The theory of practice architectures and its usefulness for analysing changing practices

Year: 2016

Author: Edwards-Groves, Christine

Type of paper: Abstract refereed

Abstract:
This paper explores the practice theory on which our study of secondary school change draws, that is, the theory of practice architectures and ecologies of practices. The theory of practice architectures attends to the composition of practices in the dimensions of language, work and power which hold education practices in place. The theory of ecologies of practices attends to the interconnectedness between practices in a site, such as the practices of learning, teaching, professional learning, leading, researching and evaluating that make up the Education Complex of late (post)modernity. Inspired by practice philosopher Theodore Schatzki’s concept of site ontologies, the theory posits that educational practices in schools are prefigured (but not predetermined) by the cultural-discursive, material-economic and social-political arrangements which hold them in place.These preceding arrangements give educational practices their substance, i.e., arrangements of language and specialist discourses used in a site such as secondary school provide the substance for, and make possible, i.e., the sayings of the practice in the site. Arrangements of objects in physical space-time in a site provide the substance for, and make possible, the activities and work that can be done in the practice, i.e., the doings of the practice in the site. Finally, the arrangements in the form of webs of relationships of power and solidarity (belonging) in a site provide the substance for, and make possible, the relatings of the practice. For instance, in one of our secondary sites, there was a major focus on a whole school improvement agenda to lift students’ academic outcomes. The arrangements of language and specialist discourses associated with school improvement provided the substance for, and make possible, particular kinds of sayings about leading practices (e.g., a “relentless focus” on instructional leading). It made possible particular kinds of doings about leading practices (e.g., classroom walkthroughs facilitated by the principal and KLA coordinators) and it made possible and rendered more sayable, particular kinds of relatings about leading practices (e.g., a principal-led didactic approach to professional learning, focusing on teaching instruction). The theory posits that understanding how such practices come to be, and what kinds of conditions make them possible, leads us to consider whether it might be transformed, or conducted otherwise, under other conditions of possibility. It can assist educators to conceive of alternative ways of theorizing and practising education that move beyond the individual and encompass a notion of education as cultivating a world worth living in.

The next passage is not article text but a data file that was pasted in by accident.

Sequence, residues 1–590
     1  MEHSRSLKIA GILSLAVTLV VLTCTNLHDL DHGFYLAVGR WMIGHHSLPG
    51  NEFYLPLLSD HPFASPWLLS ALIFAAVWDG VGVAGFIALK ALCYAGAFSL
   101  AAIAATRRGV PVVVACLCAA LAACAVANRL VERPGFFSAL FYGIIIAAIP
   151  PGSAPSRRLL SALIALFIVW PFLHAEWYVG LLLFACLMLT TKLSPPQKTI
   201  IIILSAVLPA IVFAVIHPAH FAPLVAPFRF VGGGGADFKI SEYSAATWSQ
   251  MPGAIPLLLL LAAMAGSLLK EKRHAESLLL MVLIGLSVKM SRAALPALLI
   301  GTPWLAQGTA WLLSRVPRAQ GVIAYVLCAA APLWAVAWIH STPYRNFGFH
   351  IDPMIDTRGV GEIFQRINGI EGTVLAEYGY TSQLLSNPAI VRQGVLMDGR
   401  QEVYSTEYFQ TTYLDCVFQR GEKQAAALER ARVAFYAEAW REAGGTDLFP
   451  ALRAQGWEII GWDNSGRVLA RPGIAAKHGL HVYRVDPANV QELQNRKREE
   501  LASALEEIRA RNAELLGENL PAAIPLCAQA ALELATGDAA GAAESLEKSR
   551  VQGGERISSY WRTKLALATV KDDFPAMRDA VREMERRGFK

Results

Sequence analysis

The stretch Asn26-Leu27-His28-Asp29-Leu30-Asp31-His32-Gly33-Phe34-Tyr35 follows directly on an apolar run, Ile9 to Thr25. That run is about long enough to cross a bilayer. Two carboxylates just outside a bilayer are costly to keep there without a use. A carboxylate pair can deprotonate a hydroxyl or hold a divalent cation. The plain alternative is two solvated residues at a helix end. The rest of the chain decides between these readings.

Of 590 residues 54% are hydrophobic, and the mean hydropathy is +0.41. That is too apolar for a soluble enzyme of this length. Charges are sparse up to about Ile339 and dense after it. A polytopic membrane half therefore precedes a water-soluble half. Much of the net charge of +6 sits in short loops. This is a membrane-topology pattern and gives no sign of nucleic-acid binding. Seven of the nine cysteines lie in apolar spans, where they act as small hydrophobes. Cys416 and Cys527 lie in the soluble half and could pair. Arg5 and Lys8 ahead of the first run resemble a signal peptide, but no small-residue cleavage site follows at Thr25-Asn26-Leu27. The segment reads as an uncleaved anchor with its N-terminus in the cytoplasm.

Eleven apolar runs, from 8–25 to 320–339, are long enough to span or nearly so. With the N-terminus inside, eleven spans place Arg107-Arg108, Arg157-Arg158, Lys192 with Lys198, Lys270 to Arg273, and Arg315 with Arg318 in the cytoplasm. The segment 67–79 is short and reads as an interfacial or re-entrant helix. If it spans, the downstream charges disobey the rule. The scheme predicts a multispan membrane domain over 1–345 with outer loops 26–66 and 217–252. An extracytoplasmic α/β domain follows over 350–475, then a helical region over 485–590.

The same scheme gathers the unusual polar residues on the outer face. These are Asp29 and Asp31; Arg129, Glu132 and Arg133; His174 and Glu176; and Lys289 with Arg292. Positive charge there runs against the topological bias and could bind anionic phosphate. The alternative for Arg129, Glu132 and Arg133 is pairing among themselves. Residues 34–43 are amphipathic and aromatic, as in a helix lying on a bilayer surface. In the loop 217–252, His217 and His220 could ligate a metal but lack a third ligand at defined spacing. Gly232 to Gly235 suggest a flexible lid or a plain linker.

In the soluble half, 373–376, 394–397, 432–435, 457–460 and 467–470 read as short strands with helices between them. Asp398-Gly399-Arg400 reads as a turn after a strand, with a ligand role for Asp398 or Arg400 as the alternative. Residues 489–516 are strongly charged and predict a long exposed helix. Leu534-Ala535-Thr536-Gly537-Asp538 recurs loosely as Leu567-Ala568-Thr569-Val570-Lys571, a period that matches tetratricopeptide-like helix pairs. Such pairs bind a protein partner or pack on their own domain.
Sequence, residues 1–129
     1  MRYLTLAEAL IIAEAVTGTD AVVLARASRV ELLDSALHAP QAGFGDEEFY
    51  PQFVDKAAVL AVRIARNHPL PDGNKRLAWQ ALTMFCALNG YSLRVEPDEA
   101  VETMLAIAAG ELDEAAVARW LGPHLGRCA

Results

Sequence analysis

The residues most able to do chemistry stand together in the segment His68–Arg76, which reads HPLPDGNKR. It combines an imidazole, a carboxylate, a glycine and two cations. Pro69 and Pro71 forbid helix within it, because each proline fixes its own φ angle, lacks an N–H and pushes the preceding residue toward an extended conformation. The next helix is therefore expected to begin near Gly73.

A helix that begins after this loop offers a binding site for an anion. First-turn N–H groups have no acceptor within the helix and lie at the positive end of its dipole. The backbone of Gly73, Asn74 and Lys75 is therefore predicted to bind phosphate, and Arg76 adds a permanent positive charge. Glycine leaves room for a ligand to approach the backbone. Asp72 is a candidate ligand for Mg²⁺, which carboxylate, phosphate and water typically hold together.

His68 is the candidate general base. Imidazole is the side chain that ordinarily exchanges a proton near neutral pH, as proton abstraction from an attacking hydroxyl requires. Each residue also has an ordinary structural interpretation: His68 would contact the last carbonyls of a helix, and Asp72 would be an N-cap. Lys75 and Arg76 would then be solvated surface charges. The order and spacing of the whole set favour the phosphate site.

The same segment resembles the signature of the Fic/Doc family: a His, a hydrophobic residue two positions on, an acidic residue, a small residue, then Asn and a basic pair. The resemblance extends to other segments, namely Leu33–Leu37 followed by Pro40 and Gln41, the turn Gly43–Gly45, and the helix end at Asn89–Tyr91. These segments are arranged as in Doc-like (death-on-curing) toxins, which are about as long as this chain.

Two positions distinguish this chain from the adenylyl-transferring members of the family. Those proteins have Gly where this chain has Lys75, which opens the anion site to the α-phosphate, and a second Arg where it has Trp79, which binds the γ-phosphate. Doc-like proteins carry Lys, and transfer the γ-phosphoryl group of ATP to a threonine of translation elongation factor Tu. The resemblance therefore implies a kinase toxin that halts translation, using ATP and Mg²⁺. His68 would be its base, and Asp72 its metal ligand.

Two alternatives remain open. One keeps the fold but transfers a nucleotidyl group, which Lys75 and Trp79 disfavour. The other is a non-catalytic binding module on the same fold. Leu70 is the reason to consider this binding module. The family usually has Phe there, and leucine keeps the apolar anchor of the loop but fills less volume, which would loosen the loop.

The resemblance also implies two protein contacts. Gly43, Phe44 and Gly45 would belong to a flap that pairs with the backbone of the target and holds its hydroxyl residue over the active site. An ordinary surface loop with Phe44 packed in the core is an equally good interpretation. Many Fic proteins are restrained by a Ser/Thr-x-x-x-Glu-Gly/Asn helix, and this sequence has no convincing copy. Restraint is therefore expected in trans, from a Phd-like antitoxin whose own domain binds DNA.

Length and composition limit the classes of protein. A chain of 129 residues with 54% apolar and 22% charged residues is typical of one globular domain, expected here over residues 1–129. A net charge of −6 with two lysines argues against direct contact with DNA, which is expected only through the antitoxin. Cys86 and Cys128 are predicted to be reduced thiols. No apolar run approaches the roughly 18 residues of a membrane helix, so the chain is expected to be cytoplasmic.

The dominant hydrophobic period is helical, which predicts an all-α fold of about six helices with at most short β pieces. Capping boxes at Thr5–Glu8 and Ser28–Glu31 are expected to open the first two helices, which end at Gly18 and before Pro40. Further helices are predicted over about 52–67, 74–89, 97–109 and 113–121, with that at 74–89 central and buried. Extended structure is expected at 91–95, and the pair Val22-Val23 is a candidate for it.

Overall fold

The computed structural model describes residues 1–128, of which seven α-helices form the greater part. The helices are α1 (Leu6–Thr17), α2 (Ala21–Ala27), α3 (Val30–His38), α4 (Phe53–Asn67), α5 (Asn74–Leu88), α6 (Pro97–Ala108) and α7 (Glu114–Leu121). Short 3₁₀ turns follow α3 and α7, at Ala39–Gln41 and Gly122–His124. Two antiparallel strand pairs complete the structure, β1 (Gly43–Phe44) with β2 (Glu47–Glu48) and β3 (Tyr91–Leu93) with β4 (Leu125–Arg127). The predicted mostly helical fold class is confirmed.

Back